Small to Medium Size Business Environment:

Like many other business owners everyone is working hard to keep their business running, however, we all have certain regulations that we must comply with and the new "GDPR" General Data Protection Regulations - are no different.

What is GDPR (General Data Protection Regulations)?

The General Data Protection Regulation (GDPR) (EU) 2016/679 is a regulation in EU law on data protection and privacy for all individuals within the European Union and the European Economic Area. It also addresses the export of personal data outside the EU and EEA.

Data Protection law changed on 25 May 2018 and organisations need to comply with the General Data Protection Regulation (GDPR). The EU General Data Protection Regulation (GDPR) has attracted media and business interest because of the increased administrative fines from 2019 for non-compliance. Not all infringements of the GDPR will lead to serious fines.

Besides the power to impose fines, the Information Commissioner’s Office (ICO) has a range of corrective powers and sanctions to enforce the GDPR. These include issuing warnings and reprimands; imposing a temporary or permanent ban on data processing; ordering the rectification, restriction or erasure of data; and suspending data transfers to third countries. The administrative fines are discretionary rather than mandatory; they must be imposed on a case-by-case basis and must be “effective, proportionate and dissuasive”. There are two tiers of administrative fines that can be levied:

  • 1) Up to €10 million, or 2% annual global turnover – whichever is higher.
  • 2) Up to €20 million, or 4% annual global turnover – whichever is higher.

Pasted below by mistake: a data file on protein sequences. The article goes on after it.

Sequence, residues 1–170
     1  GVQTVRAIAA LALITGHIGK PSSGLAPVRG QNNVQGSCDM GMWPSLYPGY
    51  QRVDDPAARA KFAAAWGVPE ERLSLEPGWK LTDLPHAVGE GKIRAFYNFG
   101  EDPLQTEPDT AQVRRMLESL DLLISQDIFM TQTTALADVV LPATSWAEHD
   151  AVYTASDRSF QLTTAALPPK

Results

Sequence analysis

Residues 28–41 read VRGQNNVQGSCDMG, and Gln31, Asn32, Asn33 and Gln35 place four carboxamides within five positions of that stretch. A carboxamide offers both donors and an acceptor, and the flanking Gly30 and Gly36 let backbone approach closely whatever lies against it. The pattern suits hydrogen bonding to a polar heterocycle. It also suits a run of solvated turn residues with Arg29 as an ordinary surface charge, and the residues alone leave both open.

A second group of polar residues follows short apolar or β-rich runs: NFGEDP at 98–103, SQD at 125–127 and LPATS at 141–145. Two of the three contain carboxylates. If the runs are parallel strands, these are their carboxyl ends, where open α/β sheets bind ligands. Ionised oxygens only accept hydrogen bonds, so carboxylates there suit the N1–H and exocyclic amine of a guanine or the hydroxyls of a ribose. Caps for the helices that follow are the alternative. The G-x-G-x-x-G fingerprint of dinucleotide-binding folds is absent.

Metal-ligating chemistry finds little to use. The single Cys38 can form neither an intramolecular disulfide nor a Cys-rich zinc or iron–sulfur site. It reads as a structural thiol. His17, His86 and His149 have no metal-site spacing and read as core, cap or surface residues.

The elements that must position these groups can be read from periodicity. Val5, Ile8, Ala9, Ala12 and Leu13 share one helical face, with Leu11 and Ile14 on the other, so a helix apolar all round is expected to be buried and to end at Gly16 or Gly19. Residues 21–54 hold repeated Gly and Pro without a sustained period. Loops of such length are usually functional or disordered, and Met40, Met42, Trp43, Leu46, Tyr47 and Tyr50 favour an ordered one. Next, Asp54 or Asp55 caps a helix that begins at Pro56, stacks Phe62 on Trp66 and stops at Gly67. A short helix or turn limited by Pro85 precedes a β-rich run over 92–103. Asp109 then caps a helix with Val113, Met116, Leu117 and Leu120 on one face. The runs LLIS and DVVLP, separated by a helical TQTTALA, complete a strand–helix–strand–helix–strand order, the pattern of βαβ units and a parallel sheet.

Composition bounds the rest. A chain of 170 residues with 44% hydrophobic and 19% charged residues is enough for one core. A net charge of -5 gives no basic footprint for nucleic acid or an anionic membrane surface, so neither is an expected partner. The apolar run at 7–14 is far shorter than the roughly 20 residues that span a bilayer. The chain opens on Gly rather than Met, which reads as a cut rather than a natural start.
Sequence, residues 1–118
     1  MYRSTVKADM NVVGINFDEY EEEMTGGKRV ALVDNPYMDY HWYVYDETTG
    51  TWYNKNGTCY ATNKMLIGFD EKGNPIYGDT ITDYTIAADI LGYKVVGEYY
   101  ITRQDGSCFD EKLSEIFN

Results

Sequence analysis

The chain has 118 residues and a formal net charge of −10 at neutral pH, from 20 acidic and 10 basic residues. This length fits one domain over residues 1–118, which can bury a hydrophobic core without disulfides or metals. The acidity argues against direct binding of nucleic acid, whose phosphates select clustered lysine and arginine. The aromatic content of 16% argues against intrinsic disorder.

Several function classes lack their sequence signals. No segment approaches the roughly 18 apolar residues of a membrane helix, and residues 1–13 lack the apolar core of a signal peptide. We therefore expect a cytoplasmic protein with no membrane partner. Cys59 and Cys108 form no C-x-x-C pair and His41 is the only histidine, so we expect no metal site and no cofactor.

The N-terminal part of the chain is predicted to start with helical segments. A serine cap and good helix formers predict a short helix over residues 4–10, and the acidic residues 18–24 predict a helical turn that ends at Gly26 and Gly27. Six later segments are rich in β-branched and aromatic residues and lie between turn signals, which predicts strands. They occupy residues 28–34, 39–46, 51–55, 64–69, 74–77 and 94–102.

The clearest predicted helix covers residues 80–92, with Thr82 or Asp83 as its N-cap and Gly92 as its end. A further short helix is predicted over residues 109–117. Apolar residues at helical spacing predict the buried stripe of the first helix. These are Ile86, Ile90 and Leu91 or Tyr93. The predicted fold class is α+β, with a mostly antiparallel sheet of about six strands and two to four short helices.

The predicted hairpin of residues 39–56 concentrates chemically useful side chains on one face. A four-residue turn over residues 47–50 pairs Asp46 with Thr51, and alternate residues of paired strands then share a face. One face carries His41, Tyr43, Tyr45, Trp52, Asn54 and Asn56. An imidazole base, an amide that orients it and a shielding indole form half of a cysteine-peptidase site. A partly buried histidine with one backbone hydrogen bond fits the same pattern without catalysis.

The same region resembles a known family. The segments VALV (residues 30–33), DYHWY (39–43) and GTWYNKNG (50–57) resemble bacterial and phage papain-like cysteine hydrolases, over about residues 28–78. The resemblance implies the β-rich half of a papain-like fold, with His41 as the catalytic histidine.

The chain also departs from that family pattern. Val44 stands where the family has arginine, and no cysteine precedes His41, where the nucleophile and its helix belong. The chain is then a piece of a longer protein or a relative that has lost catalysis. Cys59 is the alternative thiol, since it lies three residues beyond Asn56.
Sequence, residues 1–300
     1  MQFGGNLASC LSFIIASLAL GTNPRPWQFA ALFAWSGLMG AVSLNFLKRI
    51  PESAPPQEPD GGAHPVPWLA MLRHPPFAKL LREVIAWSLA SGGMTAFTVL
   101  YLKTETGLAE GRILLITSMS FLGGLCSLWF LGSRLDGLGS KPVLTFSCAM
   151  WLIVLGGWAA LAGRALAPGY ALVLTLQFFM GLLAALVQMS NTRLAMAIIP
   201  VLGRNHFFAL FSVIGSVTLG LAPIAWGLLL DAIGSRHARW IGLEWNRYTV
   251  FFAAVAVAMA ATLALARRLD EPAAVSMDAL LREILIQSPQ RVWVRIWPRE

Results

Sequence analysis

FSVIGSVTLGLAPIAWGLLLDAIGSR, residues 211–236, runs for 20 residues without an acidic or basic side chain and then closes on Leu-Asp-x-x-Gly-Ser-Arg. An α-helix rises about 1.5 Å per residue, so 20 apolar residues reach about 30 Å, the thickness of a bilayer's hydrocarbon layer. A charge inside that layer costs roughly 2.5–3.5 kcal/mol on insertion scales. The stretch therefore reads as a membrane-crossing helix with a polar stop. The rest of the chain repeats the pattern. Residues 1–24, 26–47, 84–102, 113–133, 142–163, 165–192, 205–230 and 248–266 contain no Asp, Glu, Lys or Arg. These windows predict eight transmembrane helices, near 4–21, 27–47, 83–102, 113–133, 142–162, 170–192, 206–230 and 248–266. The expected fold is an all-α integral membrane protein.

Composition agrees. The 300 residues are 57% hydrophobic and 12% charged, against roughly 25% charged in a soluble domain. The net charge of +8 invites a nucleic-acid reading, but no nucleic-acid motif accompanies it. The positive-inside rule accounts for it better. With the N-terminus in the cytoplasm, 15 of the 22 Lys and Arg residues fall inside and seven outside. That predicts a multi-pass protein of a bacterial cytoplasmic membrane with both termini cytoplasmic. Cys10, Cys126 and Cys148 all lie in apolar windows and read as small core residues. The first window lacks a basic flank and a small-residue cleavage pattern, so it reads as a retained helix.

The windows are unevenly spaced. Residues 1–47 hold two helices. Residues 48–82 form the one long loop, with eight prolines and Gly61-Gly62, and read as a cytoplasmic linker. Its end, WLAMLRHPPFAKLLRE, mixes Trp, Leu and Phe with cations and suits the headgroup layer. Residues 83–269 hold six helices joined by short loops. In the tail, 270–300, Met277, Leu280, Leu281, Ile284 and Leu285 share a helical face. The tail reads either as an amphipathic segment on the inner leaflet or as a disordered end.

The fines are based on the specific articles of the Regulation that the organisation has breached. Infringements of the organisation’s obligations, including data security breaches, will be subject to the lower level, whereas infringements of an individual’s privacy rights will be subject to the higher level.

Who does it Affect?

The regulation must be followed by every organisation that processes personal data of European Union citizens.

The GDPR considers ‘processing’ as collection, recording, organisation, structuring, storage, adaptation or alteration, retrieval, consultation, use, disclosure by transmission, dissemination or otherwise making available, alignment or combination, restriction, erasure or destruction.

The GDPR considers ‘personal data’ as any information that could be used, on its own or in conjunction with other data, to identify an individual.

What it Means

It means that any organisation – whether a private business or public authority – that collects, stores, or shares ‘identifying’ data on European citizens will need to comply with the GDPR 2018.

It doesn’t matter whether that organisation is located in the EU or not, if the data processing itself takes place outside of EU, or if it is conducted by third parties. If you’re responsible for the processing of data of EU citizens you need to comply.

Don't know where to start?

Hazard 360 Ltd can assist you in becoming compliant at very economical rates.

Authored By:

Alan Smith CPP,PSP, Fsyl